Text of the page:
To see what other members of the crew had to say about this book and the other products we received, click here:

 Parenting Made Practical {Reviews}

Crew Disclaimer

Menu Plan Monday 3/11/18

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Hello everybody! I hope you are having a great week. We have been enjoying lots of time outdoors lately, mainly working in the yard doing some landscaping and getting my garden set up. I am so excited to start growing my own vegetables and herbs again!! Here’s what’s on our menu for this week:

Monday: Chicken Tortilla Soup

Tuesday: Spaghetti

Wednesday: Chili Corn Casserole

Thursday: Chicken and Black Bean enchiladas

Friday: Beef Roast with Mashed cauliflower

Thanks for stopping by for Menu Plan Monday! Have a great week.

Chicken Tortilla Soup

chicken tortilla

I love a good chicken soup, and I’ve made a ton of variations. This is my favorite.

Ingredients:
2 lbs. boneless chicken thighs
1 small onion
1 red bell pepper
1 yellow squash
4 oz. green beans
1 can diced tomatoes
8 oz. tomato sauce
4 oz chopped green chiles
1 tsp oregano
1 tsp cumin
1 tbsp lime juice
1/4 cup cilantro
2 cups chicken stock

Directions:
1. Chop the vegetables. Season with salt and pepper.
2. Heat some oil in a pan and cook vegetables for 2-3 minutes until soft.
3. Combine the chicken, cooked vegetables, tomatoes, tomato sauce, chiles and chicken stock in a crock pot.
4. Stir in the cumin, oregano, lime juice and cilantro.
5. Cover and cook for 3-4 hours.
6. Serve garnished with chopped green onion, jalepeno, crushed tortilla chips, and sour cream as desired.

TOS Review: CursiveLogic

Many people would say that since the advent of the computer, cursive writing has slowly become a lost art, and they wouldn’t be wrong. However, I’ve always felt it was important for my children to learn to write (and read cursive) and at the very least, be able to sign their names on documents and forms. For my oldest, this was not a problem. However, my youngest struggles with writing in general and so far, we have had no luck with cursive. For this review, we got to try out the updated CursiveLogic Quick Start Pack and The Art of Cursive from CursiveLogic.

Cursive Logic New Edition

This program teaches cursive in a very systematic way and is appropriate for all ages. Basically, anyone who wants to learn cursive, from kids to adults, can use this. My son is a junior in high school but he didn’t feel like this was babyish in any way (most of the books I had gotten from the store had cartoon pictures etc. He hated that). The Quick Start Pack includes a webinar for parents that goes over how to teach the program, step by step. This is very helpful if you don’t know where to start.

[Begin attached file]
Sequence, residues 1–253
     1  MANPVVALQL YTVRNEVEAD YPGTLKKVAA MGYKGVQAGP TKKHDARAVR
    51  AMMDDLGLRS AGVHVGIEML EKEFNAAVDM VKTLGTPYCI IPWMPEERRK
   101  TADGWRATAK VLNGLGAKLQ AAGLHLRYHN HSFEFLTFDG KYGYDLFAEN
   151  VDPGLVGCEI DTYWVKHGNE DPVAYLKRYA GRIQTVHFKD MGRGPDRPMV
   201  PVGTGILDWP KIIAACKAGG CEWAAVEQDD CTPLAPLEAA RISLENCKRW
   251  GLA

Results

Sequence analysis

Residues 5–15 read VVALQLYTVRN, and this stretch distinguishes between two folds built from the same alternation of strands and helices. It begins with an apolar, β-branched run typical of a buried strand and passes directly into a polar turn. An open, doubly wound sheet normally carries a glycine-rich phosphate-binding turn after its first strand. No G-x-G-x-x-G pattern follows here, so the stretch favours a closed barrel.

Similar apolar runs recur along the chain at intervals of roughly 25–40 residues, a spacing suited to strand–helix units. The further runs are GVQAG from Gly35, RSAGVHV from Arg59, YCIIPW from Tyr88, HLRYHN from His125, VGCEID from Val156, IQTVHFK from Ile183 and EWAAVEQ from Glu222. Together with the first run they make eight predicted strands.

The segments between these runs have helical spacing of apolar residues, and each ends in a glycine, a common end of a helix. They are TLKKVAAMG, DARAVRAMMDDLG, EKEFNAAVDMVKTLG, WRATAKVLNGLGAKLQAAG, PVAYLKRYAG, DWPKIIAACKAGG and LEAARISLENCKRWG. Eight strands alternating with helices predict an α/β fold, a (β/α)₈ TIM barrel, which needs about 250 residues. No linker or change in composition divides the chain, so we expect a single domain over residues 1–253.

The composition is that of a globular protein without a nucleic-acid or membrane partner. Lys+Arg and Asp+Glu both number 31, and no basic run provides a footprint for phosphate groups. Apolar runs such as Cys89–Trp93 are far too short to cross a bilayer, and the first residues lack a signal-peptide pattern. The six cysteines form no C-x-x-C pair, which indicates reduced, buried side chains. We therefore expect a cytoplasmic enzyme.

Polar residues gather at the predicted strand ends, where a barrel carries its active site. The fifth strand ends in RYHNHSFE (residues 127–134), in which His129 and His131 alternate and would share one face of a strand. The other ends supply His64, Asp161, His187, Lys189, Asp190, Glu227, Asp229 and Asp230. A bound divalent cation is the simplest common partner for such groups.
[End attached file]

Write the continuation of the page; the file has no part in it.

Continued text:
Cursive Logic Sample Page

The workbook itself includes information for teachers about the different parts of the program and how it is set up. I would highly recommend reading this information thoroughly before getting started. You begin with proper posture and instruction on how to hold the paper and pencil for both left and right-handed students. As a family of lefties I really appreciated this.

Exercises start with teaching simple shapes, that eventually help form letters. Students engage with CursiveLogic in multiple ways, not just through tracing forms on the page. The program encourages using their fingers to trace letters, reciting while learning and more that apply to different senses, making it an immersive learning experience. As they progress through the program, students learn more and more shapes and how they are connected and go on to forming strings of letters and eventually, words.

For my son, this approach seems to be very effective. I structure lessons for about 20 minutes per day, and he doesn’t seem to mind doing them, which is a big thing because he has found handwriting tedious in the past. The verbal cues he has learned help him to remember how to form the letters and it seems to be coming easier and easier to him.

As part of this program we also received the cursive coloring book, The Art of Cursive. I’ve noticed that coloring is kind of a big thing even for adults these days, and I have to admit I find coloring verses in my Bible very relaxing. This book includes gorgeous illustrations that incorporate many of the same movements from the workbook, accompanied by quotes from famous poets and people and Bible verses. You could easily use this yourself if you wanted, or you could allow your child to color pages one day a week (which is what I did). My son actually really liked this part the most I think.

The Art of Cursive Logic

Overall, we are very satisfied with how things are going so far. If you have a child who wants to learn cursive I would definitely recommend checking this out. To learn more, connect with CursiveLogic on social media here:

CursiveLogic on Facebook

To see what other crew members had to say about this program, click here:
The Art of Cursive & Quick Start Cursive {Cursive Logic Reviews}

Crew Disclaimer